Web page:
COMMENTARY 980.3: The TEAM Approach to Teaching Character

I want my kids to be smart and successful, but I also want them to be good. I want them to be the kind of people other parents would like to see their kids marry. I also want them to make sound, values-based decisions that will help them be safe and happy.

So, like most parents, I spend lots time trying to instill in them virtues like honesty, respect, responsibility, fairness, and kindness.

But building character is more complicated than teaching math or manners. It involves the heart as well as the head. The goal is to make good thoughts and conduct a matter of habit. I want my children to know what’s good, want what’s good, and do what’s good.

Effective character-building is captured in the acronym T.E.A.M. – teach, enforce, advocate, and model.

We teach character by promoting and developing the values and ethical virtues that make up a good person – trustworthiness, respect, responsibility, fairness, caring, and citizenship. We need to be sure kids understand what each of these traits looks like.

We entrench these values by enforcing them, by backing up our rhetoric with appropriate consequences. What you allow, you encourage.

Advocating values means passionately and relentlessly stating our commitment to good character so our children have no doubt what we want for them and expect from them.

Finally, and most crucial, we must teach positive values by example, modeling the virtues we want to see in our children. We teach values by the way we deal with pressures, frustrations, fatigue, and other everyday actions, especially what we say and do when we think no one’s looking.

This is Michael Josephson reminding you that character counts.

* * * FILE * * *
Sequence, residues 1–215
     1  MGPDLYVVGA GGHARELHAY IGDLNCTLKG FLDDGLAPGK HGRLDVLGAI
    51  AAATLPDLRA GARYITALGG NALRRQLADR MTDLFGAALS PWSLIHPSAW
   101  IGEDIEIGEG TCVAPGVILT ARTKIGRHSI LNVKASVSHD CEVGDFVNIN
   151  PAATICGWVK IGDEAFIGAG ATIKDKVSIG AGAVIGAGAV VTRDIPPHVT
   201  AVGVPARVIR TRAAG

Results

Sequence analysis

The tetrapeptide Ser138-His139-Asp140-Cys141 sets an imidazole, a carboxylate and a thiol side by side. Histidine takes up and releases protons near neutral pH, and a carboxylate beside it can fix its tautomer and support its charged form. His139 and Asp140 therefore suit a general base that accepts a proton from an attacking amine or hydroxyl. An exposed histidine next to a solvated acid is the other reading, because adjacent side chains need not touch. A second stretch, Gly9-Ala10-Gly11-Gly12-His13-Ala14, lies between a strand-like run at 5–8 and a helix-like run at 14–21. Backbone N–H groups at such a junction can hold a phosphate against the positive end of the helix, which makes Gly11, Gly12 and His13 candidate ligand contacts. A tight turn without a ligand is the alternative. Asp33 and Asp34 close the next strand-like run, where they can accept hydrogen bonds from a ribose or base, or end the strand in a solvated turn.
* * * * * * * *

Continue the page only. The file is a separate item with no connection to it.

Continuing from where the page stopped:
Comments 2

  1. Michael,

    Think of “upholding” the ethic of your family by setting the example and explaining “why” making decisions and taking action consistent with your family’s values is important. The connotation of “enforce” is not inspiring or motivating (it can be threatening). Also, we can uphold our values always — enforcing suggests reacting to a failure to live by values. We must be intolerant of violations of our values. However, if we uphold our values we mitigate violations (misconduct and unethical practices). All the best, respectfully, PAT

  2. As a teacher for over 25 years, I have decided on an early retirement. It appears to me that students can say anything they want about their teachers no matter if they are lying or perhaps do not realize what possible repercussions they may cause upon their teachers. Administrators today are fearful of losing their CUSHY jobs;therefore, they side with the students and discipline the teachers. As a former teacher and administrator, I ALWAYS listened and investigated and 99% of the time the students were gleefully playing to impress and curry favor with friends.
    Alas, I took an early retirement because so many politics are playing the role of leading school policies today, and I, for one, will play their games. Great article!!!!!!!!

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